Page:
July 23, 2011
Karate-do and Competition
Dear TKFI members and friends,
The competition season is in full season and athletes from many organizations are actively participating in tournaments domestically as well as abroad. Some athletes return with medals, trophies and special certificates and with big smiles on their faces. It is a good feeling and parents beam with pride.
I have always been an advocate of competition, but always have had reservations as to how much emphasis should be placed on the sporting aspect of karate. It seems that karate has not yet come to a satisfactory place in governance of the sport throughout the world. Constant changes are being made and at the expense of thousands of athletes and more changes are soon to come. Each time that changes are made, clinics to educate officials and athletes on those changes take place at a price. Many are frustrated, yet they feel that they should comply and “fit in” less they be left out. They often times become victims of the very sport they have learned to enjoy.
If students and instructors continue to make their school a competition one, dojos and senseis as we know it, will be a thing of the past. World champions will be conducting clinics at sporting events and at competition schools and only teach things that win at tournaments. Ranks will be awarded by ones’ win - loss record, similar to sumo. Students will become unfamiliar with good old dojo training, and the soul of karate-do will be forever lost. You may already see the impact in your own dojos. How many students travel to tournaments rather than to a more comprehensive study of karate-do at a gasshuku?
If I had it my way on the international level, I would push for kata and bunkai/oyo for a sport in the Olympic Games. I would wager that the IOC would take a more favorable approach in admitting karate as an Olympic sport, if that would be an option for them to consider. Kumite could be pursued later.
Students should be pushed to be a better person in life. And although I agree that competition is a reality in everyone’s existence, I believe too, that competition can be presented in other ways other than sports. I have made mention to all the instructors in our organization, that TKFI is 20% competition; that is sport, and the other 80% in the budo art. How then can one implement competition other than in a sporting environment, you might ask. Quite easy. Each student has their own abilities. Some are gifted with natural physical abilities. Others have minds that are quite genius. Then there are many who have yet to uncovered their gifts. The sensei has to teach each student how to excel within their own abilities. They compete with themselves. This teaches the majority of students to focus on self improvement rather than finding satisfaction in gauging their success with the others in class. They begin to feel good about themselves which is one of the keys that opens the door to confidence. And remember there is no bad student, only a bad teacher. The competition then continues at home and in school. How can one beat their weaknesses and become a better brother or sister and a more obedient child. What techniques should they use to better their grades and be more focused in class. How can they remain strong and not give in to peer pressures that often pries at their values.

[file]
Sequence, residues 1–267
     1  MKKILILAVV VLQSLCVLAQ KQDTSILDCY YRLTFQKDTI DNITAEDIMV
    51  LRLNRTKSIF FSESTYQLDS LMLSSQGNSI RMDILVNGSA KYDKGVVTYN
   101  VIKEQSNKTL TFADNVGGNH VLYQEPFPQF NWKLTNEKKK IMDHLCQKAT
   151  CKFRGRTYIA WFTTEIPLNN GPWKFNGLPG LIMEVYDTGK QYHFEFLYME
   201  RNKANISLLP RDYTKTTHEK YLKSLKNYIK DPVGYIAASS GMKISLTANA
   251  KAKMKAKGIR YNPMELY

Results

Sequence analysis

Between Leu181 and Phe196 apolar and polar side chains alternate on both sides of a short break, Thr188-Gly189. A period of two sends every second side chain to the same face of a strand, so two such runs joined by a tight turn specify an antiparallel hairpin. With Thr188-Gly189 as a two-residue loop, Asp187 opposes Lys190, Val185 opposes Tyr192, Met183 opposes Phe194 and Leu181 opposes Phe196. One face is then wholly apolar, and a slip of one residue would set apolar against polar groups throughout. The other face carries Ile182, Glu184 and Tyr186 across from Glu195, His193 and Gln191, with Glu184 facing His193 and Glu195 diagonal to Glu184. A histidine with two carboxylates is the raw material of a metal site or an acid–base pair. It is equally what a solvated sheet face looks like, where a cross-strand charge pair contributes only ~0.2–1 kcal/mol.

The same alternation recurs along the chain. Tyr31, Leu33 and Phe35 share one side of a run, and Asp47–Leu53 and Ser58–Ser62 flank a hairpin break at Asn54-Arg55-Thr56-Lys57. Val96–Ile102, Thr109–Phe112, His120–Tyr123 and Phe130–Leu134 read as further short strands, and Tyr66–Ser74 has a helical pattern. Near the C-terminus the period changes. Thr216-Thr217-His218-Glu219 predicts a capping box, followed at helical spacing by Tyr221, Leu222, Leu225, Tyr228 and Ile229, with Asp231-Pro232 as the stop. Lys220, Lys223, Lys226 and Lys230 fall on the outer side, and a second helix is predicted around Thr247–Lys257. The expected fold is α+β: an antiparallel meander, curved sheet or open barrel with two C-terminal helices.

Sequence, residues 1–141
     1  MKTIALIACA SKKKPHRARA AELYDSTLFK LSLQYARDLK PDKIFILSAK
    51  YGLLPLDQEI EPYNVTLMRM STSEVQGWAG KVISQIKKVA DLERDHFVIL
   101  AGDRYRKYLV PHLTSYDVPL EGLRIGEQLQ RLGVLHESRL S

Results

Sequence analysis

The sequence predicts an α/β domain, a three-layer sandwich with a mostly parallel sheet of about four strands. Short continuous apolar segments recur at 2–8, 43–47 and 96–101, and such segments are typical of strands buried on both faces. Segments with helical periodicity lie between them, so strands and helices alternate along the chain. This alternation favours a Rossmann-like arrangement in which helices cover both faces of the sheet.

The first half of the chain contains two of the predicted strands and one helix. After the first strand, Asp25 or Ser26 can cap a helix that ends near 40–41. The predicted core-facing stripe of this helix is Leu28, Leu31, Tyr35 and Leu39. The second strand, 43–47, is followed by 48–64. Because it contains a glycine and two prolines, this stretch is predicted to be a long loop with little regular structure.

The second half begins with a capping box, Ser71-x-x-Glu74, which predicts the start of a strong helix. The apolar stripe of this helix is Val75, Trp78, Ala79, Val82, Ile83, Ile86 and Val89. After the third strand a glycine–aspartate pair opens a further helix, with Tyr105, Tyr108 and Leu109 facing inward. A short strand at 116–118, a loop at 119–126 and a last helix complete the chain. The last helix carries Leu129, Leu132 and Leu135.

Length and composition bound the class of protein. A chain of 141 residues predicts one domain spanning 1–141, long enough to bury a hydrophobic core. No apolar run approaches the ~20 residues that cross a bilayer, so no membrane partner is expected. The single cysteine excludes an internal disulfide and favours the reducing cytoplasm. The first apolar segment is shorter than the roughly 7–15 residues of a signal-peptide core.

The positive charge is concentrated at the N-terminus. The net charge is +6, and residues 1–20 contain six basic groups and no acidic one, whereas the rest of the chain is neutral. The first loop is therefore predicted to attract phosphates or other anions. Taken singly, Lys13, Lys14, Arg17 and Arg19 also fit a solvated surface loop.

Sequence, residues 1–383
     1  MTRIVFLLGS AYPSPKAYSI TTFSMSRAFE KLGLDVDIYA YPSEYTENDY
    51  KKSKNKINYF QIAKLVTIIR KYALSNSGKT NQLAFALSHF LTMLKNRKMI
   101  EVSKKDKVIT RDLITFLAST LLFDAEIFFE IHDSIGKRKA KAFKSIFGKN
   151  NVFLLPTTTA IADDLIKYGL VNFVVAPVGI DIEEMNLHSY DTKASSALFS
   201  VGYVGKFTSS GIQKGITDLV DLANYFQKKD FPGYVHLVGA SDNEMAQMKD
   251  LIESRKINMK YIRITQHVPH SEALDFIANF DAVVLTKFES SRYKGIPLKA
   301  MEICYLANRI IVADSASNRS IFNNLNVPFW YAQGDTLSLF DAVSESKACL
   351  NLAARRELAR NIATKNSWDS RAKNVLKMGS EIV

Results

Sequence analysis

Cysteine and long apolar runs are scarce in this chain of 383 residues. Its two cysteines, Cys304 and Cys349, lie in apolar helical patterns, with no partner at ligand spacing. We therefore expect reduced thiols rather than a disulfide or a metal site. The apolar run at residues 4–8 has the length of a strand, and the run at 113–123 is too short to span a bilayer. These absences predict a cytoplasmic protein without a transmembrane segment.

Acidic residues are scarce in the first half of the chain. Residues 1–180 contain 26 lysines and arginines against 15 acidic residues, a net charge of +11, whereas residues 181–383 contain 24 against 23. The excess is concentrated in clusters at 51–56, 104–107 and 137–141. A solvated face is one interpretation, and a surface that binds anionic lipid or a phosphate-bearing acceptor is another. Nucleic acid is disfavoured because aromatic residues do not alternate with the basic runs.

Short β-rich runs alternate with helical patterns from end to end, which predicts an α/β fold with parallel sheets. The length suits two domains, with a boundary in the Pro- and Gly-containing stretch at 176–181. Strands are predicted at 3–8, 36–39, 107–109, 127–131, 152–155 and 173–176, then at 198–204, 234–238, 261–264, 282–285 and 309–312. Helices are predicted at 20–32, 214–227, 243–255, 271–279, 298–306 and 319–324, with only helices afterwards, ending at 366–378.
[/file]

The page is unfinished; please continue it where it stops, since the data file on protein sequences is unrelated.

I firmly believe that strength begins at home. Our TKFI home can set the stage for many to emulate, both in the dojo and at our own championships. It may take awhile but the sooner we can all work together, the stronger we will become. Don’t lead your students and parents to naively think that there is always something greater and more attractive in the world before understanding what needs to be learned and polished right in our own backyard. Those who follow this exterior quest, often times become disallusioned, treated unfairly and are led by negative politics. Our TKFI family, on the other hand, will be more consistent and reliable and offer training that massages the soul and character of each participant.
True karate-do expounds on all areas. Training is for self improvement that subsequently leads to compassion and service; that is only through clarity of knowing oneself and walking through the summons of obstacles, enable one to be aware of the struggles of others so that they may assist them overcome their trials. Once this becomes an accepted and familiar practice, one is able to see the true prupose of karate-do. The mind, body and spirit converge as in a kiai, and the exhilaration of knowing that you have won by helping others win will keep you in practice for the rest of your life.
Defend yourself against your own weaknesses and evils with good karate-do practice. Win over yourself and assist others to willingly become gold medalists in life.
Del Saito Soke
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